Once you at least understand the basics of Objective-C (or at least know how to find answers to programming questions), you are ready to program your app. It helps to take screenshots as you go along so you can remember what you tried. Some apps can take just a few hours to program while other Apps can take months. Only you know how much detail you want out there for its maiden voyage in the App Store!
Step 9: Test The App In The iPhone Simulator and on relevant devices
The SDK comes with a lovely iPhone Simulator. You will need to load up your app and do your own testing. You should try to work out as many bugs as possible and think about all the ways someone might use your app.
Step 10: Host A Bake Sale
Remember when I told you in the fine print that you would have to raise some cash? This is that moment. Sadly, loading an app into iTunes costs a one time member fee of $99 (USD). There is no way out of this fee, but you might earn it back in triplicate if your app is worthy! Truly though, you DO get a lot for your $99. For one, you get access to some of the coolest people on this side of Pluto!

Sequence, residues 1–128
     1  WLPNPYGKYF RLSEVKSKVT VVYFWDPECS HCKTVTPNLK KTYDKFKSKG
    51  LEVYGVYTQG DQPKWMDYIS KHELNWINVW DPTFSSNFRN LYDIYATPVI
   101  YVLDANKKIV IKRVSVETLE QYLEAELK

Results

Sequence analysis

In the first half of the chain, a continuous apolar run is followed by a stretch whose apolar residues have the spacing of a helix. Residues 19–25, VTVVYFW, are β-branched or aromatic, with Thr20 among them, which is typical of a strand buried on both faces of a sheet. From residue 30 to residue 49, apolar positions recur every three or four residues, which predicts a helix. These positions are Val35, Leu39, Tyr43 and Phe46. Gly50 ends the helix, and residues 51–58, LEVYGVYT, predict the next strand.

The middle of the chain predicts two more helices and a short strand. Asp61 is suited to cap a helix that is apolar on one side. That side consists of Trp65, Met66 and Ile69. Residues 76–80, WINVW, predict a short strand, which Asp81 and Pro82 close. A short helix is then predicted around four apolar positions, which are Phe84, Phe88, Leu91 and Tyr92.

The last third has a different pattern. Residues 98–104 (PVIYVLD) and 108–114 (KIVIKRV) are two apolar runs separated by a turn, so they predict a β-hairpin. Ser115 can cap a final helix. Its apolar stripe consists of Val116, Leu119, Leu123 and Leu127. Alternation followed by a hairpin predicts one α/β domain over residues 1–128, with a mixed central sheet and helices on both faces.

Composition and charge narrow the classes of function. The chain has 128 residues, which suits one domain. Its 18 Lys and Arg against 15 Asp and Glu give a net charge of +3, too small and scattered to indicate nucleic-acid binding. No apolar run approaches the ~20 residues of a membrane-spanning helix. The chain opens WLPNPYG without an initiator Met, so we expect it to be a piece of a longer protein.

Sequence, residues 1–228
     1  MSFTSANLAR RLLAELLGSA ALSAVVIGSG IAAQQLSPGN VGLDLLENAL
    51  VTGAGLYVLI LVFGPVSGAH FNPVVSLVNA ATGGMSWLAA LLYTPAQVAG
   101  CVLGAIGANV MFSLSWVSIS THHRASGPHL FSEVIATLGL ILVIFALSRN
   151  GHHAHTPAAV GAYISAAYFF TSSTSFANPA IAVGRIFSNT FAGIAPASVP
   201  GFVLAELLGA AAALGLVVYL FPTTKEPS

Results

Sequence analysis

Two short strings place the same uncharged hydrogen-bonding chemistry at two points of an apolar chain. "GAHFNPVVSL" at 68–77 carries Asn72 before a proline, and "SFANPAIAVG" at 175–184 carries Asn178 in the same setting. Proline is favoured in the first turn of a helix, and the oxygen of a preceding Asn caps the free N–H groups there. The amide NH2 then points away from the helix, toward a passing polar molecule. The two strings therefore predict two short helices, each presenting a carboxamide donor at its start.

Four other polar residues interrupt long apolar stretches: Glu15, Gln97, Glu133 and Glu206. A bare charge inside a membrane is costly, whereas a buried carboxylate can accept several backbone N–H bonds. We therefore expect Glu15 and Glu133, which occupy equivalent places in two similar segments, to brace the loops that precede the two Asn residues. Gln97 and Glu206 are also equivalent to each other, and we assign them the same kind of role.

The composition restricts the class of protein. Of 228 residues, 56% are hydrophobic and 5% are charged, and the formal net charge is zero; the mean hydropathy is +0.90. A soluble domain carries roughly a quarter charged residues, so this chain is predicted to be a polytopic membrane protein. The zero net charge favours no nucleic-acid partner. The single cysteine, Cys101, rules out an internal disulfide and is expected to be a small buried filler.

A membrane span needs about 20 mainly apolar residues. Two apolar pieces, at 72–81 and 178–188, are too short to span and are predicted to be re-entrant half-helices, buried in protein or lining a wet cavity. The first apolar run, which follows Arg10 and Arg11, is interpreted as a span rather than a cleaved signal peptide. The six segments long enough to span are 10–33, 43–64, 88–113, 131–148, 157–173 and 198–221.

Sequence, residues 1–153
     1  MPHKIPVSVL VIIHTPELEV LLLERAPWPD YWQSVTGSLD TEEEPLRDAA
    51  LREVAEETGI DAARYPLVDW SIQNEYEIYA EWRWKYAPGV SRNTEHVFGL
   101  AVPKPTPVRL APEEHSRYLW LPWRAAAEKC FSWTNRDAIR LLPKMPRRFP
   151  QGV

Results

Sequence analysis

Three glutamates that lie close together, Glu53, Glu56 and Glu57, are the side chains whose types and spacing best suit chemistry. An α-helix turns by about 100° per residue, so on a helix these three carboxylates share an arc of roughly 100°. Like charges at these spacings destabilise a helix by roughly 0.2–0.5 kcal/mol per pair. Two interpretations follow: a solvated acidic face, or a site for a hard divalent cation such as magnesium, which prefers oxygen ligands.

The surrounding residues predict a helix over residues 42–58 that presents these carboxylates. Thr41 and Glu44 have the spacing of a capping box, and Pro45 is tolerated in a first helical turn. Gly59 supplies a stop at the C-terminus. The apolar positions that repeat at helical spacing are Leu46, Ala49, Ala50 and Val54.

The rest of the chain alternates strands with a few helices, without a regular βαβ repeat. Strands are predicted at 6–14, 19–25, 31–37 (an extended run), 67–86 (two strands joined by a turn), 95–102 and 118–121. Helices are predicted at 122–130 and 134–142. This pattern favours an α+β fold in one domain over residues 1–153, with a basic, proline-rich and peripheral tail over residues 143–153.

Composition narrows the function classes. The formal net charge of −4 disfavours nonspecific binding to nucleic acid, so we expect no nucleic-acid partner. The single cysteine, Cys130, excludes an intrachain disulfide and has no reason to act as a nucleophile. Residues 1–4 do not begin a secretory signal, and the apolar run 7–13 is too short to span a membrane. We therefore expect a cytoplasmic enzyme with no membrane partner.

Step 11: Have Others Test Your App
Once you pay your fee, you will be able to have others in the app community test your app and help you work out final bugs. This is a great community, and testing new stuff is lots of fun. If you are a newbie like me, you will be in awe of the kings and queens of geeky stardom. Depending on the nature and complexity of your app, this process can take some time.
Step 12: Submit Your App For Approval
After testing your app in the community and working out all the bumps, you can submit the app to iTunes for approval. You will be able to upload it right from the community. The process of approval can take some time, so be patient!
Step 13: Watch The Dough & Traffic Roll In!